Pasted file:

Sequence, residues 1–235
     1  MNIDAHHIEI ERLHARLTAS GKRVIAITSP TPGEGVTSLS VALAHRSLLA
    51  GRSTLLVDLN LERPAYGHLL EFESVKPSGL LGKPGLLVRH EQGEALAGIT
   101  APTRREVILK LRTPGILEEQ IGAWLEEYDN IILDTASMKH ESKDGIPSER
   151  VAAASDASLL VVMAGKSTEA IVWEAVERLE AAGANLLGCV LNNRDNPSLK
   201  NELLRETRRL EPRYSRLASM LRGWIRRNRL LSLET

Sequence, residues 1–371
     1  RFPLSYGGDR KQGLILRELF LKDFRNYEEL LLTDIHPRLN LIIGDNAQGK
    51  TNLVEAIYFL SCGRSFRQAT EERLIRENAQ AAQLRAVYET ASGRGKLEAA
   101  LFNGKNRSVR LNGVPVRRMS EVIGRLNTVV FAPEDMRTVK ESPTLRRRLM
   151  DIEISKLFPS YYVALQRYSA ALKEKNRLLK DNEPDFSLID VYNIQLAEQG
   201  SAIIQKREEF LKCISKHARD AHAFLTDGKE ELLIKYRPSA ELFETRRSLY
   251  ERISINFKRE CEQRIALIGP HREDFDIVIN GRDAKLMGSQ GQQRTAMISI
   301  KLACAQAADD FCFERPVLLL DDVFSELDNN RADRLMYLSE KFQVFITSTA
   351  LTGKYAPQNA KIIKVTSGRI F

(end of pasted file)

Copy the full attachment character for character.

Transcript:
Sequence, residues 1–235
     1  MNIDAHHIEI ERLHARLTAS GKRVIAITSP TPGEGVTSLS VALAHRSLLA
    51  GRSTLLVDLN LERPAYGHLL EFESVKPSGL LGKPGLLVRH EQGEALAGIT
   101  APTRREVILK LRTPGILEEQ IGAWLEEYDN IILDTASMKH ESKDGIPSER
   151  VAAASDASLL VVMAGKSTEA IVWEAVERLE AAGANLLGCV LNNRDNPSLK
   201  NELLRETRRL EPRYSRLASM LRGWIRRNRL LSLET

Sequence, residues 1–371
     1  RFPLSYGGDR KQGLILRELF LKDFRNYEEL LLTDIHPRLN LIIGDNAQGK
    51  TNLVEAIYFL SCGRSFRQAT EERLIRENAQ AAQLRAVYET ASGRGKLEAA
   101  LFNGKNRSVR LNGVPVRRMS EVIGRLNTVV FAPEDMRTVK ESPTLRRRLM
   151  DIEISKLFPS YYVALQRYSA ALKEKNRLLK DNEPDFSLID VYNIQLAEQG
   201  SAIIQKREEF LKCISKHARD AHAFLTDGKE ELLIKYRPSA ELFETRRSLY
   251  ERISINFKRE CEQRIALIGP HREDFDIVIN GRDAKLMGSQ GQQRTAMISI
   301  KLACAQAADD FCFERPVLLL DDVFSELDNN RADRLMYLSE KFQVFITSTA
   351  LTGKYAPQNA KIIKVTSGRI F